HTTP Status Codes
The following are the HTTP status codes that can be sent in response to HTTP requests. HTTP allows the data portions of messages forward, redirection, and error responses to include diagnostic information that is “human-readable.”
Success 2xx Code
All of the Success 2xx codes indicate some form of positive or successful transaction taking place. The message can include an object in MIME format.
OK 200 Code
The desired HTTP request was completed.
Created 2012 Code
This code follows a POST command and indicates success. The text portion of the response line in the message will include a URI the newly formed or created document will likely require knowledge of.
Indicates that the HTTP request has been accepted for processing, but this action is not yet complete.
Partial Information 203
When this status code is included in the GET command response, it indicates that the meta information returned is not a definitive set from a server with the desired object. Instead, it originates from a private network. It may also include information about the included object.
No Response 204 Code
This response indicates that the web server has received the request, but does not have information to send back. The client should remain on the same document view in this case to allow input for scripts without changing the document at the same time.
Error 4XX, 5XX Codes
4XX HTTP codes are used in cases where the client appears to have made an error. The 5XX error code series is reserved for cases that the server has likely made an error. The body text of both error codes may include a description to indicate additional information behind the error in MIME format.
Bad Request 400 Code
The HTTP request has bad syntax or was impossible to fulfill.
Unauthorized 401 Code
The 401 status code includes a parameter that provides a specification of what authorization codes are acceptable. The client computer should provide the request with the appropriate authorization header.
PaymentRequired 402 Code
The parameter to the PaymentRequired 402 code provides a specification of a charging scheme acceptable. The client computer can retry the HTTP request with the appropriate ChargeTo header.
Forbidden 403 Code
The client requested a forbidden resource. Authorization will not help the client.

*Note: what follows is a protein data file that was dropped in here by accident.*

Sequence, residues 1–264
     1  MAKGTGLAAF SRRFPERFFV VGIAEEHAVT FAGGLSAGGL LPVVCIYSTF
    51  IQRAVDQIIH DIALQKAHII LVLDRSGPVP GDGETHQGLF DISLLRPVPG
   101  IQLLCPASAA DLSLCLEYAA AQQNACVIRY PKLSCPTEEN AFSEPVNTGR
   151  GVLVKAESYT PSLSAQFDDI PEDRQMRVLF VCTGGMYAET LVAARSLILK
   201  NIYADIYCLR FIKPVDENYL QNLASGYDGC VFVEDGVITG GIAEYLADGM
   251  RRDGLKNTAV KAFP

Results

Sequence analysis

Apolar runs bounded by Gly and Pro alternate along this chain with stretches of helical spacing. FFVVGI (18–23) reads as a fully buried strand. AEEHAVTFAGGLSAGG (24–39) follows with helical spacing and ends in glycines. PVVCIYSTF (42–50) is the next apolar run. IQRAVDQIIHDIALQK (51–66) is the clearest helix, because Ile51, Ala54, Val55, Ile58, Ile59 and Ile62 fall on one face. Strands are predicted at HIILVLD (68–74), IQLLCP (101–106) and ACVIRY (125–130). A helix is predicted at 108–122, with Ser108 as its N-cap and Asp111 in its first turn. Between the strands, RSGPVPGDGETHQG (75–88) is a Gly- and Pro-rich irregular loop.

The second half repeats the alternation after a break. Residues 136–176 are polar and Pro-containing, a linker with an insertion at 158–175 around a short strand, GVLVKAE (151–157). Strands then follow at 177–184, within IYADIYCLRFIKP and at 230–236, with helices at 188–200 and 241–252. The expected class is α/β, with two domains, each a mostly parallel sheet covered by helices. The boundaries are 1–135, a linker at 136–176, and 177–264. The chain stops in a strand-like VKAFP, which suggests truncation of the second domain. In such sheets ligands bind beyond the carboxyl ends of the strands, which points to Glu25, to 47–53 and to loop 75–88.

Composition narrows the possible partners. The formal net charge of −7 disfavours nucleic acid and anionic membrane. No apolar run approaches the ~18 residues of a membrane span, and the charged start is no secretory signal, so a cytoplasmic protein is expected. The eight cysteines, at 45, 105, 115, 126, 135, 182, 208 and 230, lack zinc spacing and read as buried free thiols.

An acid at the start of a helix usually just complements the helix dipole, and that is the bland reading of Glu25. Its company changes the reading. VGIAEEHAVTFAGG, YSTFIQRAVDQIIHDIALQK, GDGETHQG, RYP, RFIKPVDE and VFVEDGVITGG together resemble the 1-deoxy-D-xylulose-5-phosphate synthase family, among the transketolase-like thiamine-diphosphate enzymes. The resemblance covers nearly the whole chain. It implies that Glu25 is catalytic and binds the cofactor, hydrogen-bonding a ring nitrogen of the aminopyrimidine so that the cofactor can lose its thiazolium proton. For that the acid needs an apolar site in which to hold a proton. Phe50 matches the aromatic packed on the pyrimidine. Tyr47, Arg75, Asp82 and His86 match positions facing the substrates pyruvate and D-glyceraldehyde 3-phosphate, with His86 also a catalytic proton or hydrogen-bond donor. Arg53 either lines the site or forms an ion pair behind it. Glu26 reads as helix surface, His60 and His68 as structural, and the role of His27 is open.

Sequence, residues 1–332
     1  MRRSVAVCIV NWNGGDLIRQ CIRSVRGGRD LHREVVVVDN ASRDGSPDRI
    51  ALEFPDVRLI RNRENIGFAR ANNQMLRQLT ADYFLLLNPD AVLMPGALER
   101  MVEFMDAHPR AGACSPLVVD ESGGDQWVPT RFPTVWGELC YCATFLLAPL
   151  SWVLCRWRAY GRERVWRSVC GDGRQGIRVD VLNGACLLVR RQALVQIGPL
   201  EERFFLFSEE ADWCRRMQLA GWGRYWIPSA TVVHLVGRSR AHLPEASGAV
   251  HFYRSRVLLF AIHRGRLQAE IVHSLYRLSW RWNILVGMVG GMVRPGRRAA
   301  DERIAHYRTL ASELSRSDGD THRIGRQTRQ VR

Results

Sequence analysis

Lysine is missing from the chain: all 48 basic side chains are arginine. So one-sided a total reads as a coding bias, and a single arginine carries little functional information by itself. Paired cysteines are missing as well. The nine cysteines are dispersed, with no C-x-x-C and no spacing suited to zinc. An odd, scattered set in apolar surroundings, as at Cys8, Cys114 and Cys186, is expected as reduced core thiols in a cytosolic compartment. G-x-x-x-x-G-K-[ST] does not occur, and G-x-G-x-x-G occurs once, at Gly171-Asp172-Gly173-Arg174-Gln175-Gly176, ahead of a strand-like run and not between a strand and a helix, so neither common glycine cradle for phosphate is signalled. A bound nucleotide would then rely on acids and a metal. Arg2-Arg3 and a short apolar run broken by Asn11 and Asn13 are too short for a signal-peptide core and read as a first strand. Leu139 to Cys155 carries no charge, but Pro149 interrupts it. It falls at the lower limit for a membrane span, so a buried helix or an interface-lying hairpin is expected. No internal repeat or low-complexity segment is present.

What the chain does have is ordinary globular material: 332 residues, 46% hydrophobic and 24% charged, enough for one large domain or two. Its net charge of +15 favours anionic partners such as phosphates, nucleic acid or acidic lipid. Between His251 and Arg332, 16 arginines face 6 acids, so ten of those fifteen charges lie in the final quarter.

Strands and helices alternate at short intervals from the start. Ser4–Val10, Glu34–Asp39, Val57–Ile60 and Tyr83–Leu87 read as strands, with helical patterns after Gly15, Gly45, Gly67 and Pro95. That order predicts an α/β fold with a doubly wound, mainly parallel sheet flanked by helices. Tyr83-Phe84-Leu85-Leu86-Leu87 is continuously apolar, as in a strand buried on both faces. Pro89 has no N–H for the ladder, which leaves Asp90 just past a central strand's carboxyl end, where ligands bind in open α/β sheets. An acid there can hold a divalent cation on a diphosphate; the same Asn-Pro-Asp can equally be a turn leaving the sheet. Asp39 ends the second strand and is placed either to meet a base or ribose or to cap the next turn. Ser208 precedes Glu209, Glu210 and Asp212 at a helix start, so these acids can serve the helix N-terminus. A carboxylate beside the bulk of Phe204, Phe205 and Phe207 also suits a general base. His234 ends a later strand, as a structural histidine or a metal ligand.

Not found 404 Code
The server has not found a valid document that matches the URI provided by the client computer.
Internal Error 500 Code
The web server has encountered a condition that was not expected and precludes the request from being fulfilled.
Not Implemented 501 Code
The web server does not support the facility being requested.
Service Temporarily Overloaded 502 Code
The web server is not able to process the HTTP request due to a heavy traffic load. Indicates a temporary condition which may be corrected at other times.
Gateway Timeout 503 Code
The Gateway Timeout 503 code is equivalent to the Internal Error 500, but is used in the case where a server is accessing another service that did not return in sufficient time.
Redirection 3XX Codes
There are several Redirection HTTP codes that are used on the Internet. These codes typically indicate automatic action to be taken by the client computer in order to fulfill the HTTP request.
Moved 301 Code
The information requested has been moved to or assigned a new URI and the change is permanent.
Found 302 Code
The information requested is located under a different URL. The redirection may be changed in the future.
Method 303 Code
This code suggests the client computer try another network address to locate the desired resource. A different HTTP method than the “GET” call may be used. The body section of the message will include the parameters for use with the method. This will permit a document to be a pointer to a complex query operation.
Not Modified 304 Code
If the client computer has sent a conditional GET response with access permitted, but the document has not been modified since the date/time pair included in the “If-Modified-Since” field of the message, the web server will respond with a 304 status code. The document body will not be transmitted to the client in this case. This feature is designed to permit efficient updates of local caching information and avoid the overhead of sending a number of HTTP requests.